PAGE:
A heaping helping of Canadian challenge called Black Pistol Fire
Like Austin, Toronto's Horseshoe Tavern remains an outsider's mecca, founded as a country music saloon for longhairs in the Sixties. A punk scene soon followed – Teenage Head, the Viletones – before yielding a rockabilly run through the late Eighties and Nineties. Today, the Horseshoe endures as a mainstay on the indie rock circuit.
This is where the duo that comprises Black Pistol Fire played their first show in 2006 to 20 friends. A threepiece then, they called themselves the Shenanigans. According to guitarist Kevin McKeown, the band was predictably terrible.
"Kevin's dad actually has a CD from that night," reveals drummer Eric Owen, "It was some of the worst music you've ever heard in your life."
A rangy mane of a man twice interviewed while wearing a Muppet Animal T-shirt – Owen's rhythmic and occasionally aesthetic spirit animal – the stickman admits this via telephone on the eve of a professional benchmark. On Sept. 3, T-Mobile debuted a commercial campaign that's little more than a Black Pistol Fire performance at Chicago's Vic Theatre. McKeown and Owen blast "Blue Eye Commotion" before a pyrotechnic display custom made for a Circuit of the Americas Fourth of July celebration.
Deep in the heart of Texas, the pair now reside many leagues from the Horseshoe's slender hole in the wall along the eternally hip Queen Street West (even as their inquisitor stands in front of it). They'll be back, though – all too soon. McKeown and Owen pay rent in Austin, but legally, they're not allowed to stay.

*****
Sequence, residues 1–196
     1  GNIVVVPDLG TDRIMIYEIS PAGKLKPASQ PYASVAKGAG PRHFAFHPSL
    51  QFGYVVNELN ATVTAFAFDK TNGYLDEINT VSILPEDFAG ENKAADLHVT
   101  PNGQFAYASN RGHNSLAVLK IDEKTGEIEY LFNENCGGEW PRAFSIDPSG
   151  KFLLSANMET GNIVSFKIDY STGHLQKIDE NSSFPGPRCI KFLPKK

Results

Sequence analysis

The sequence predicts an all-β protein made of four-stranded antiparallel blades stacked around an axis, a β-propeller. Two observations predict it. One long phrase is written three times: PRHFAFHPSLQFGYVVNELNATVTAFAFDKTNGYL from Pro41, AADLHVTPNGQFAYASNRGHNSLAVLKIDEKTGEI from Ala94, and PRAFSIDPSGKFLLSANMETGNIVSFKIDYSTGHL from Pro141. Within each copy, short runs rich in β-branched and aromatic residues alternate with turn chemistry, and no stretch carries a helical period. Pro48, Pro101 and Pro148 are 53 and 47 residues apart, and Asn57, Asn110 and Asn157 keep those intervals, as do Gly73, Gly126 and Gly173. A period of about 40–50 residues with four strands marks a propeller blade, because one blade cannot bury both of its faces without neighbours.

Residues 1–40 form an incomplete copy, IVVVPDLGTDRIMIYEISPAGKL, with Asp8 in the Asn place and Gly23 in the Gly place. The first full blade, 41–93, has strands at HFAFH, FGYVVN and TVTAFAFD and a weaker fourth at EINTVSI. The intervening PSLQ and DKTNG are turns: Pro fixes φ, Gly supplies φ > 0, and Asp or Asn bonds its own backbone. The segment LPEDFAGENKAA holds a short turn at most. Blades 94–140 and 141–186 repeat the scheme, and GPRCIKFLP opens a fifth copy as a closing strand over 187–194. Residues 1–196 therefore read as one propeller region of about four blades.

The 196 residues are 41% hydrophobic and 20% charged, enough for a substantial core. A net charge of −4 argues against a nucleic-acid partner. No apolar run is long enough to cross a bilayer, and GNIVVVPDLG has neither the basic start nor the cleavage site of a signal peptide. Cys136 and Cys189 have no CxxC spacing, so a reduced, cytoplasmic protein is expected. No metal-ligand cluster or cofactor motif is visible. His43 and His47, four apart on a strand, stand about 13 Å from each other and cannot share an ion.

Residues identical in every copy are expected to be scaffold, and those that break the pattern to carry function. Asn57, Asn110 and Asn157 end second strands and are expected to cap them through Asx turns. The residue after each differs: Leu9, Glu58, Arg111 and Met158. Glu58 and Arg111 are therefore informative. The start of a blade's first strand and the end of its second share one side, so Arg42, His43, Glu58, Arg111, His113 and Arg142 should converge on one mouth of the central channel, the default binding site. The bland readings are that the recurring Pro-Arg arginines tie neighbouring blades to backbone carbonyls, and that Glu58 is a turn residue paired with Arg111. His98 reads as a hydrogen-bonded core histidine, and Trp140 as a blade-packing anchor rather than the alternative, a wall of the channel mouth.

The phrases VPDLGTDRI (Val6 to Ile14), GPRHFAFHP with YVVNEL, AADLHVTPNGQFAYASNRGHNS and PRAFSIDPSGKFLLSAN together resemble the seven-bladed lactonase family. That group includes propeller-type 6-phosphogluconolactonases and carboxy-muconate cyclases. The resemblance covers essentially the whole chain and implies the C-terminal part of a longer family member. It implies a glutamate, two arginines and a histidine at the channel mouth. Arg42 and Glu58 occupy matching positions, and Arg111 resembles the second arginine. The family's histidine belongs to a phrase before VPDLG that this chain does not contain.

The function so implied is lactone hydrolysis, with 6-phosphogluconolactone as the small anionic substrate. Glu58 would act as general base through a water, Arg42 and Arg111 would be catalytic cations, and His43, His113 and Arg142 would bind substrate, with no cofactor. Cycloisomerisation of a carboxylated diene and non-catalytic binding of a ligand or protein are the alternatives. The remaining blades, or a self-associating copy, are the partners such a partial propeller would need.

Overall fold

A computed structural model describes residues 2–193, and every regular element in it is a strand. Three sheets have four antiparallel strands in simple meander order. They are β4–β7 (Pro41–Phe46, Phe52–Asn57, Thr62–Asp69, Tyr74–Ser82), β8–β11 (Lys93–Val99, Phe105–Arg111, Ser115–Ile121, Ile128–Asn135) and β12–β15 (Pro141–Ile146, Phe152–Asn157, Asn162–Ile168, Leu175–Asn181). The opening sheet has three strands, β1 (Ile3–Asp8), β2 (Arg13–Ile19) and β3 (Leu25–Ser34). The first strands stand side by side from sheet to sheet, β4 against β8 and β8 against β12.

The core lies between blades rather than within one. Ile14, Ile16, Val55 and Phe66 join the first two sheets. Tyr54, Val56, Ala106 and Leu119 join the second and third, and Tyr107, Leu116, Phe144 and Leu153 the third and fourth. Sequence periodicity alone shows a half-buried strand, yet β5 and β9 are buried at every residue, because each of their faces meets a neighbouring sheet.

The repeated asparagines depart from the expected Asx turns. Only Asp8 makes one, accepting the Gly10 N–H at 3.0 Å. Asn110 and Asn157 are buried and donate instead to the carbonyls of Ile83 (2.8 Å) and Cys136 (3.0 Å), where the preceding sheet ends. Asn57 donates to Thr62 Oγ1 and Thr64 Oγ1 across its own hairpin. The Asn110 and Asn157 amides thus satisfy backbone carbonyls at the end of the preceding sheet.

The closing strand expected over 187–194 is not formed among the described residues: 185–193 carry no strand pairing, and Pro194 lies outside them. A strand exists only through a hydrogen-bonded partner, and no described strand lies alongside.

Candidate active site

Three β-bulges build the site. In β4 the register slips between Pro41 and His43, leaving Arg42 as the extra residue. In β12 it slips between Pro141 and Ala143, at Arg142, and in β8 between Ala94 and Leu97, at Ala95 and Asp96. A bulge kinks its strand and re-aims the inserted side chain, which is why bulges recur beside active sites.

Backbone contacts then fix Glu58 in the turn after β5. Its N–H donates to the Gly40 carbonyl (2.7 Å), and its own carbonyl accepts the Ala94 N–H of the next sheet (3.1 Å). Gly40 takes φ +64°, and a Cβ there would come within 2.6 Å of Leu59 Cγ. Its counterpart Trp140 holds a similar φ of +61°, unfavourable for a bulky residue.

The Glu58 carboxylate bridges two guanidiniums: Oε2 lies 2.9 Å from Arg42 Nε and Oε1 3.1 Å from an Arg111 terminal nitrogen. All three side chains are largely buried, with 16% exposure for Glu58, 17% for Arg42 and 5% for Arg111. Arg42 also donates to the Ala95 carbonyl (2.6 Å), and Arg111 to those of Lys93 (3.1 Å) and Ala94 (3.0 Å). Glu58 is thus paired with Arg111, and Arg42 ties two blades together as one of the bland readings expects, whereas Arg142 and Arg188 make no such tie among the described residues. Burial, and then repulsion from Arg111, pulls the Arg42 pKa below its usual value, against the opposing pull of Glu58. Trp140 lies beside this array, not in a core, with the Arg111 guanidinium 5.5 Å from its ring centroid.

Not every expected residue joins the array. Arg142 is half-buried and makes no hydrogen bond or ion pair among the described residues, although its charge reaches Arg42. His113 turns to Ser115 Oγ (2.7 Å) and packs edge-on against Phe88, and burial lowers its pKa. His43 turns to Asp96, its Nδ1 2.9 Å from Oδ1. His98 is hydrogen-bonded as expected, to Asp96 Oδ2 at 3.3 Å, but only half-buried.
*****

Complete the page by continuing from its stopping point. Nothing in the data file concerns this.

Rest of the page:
JJ's Good Eats' Pluto Burger Challenge
McKeown and Owen met in kindergarten at a North Toronto elementary school. The latter didn't know that you could unzip your fly to use a urinal.
"I would pull my pants down all the way to my ankles," he chuckles. "I remember Kevin looking at me, walking over, and just laughing."
So began a friendship that today functions like siblings. The two have literally grown up alongside each other, from getting kicked out of grade school field trips together to picking up instruments to kill some time. Owen was naturally front and center the day McKeown projectile vomited twice in the course of JJ's Good Eats' Pluto Burger Challenge in nearby Kingston, Ontario, a gluttonous "eat it all and it's free" crusade involving two half-pound cheeseburgers, two sides of poutine – the Canadian concoction of French fries, turkey gravy, and cheese curds – and a large chocolate milkshake.
"I don't know anybody else," grins McKeown at the memory. "I only have a few people that I consider close friends, but me and Eric, this is the oldest and the closest. I don't have anything that goes back that far."
The kinship runs so deep it can't be split by band dissolution. In 2008, after a rift with the Shenanigans' bassist, McKeown plotted a move to Austin with his girlfriend. Owen, who also carried an affinity for the Southwestern United States, asked if he could join them in the new city to carve out an altogether different life.
"There was talk of going as a band," remembers McKeown on the porch of Matt's El Rancho, "but I wasn't feeling that. I didn't want to come here and play in the same band."
Neither did Owen, but he beat McKeown down to Texas nonetheless. Jobless, the drummer got bored and booked a couple gigs. That's precisely when the guitarist hit River City.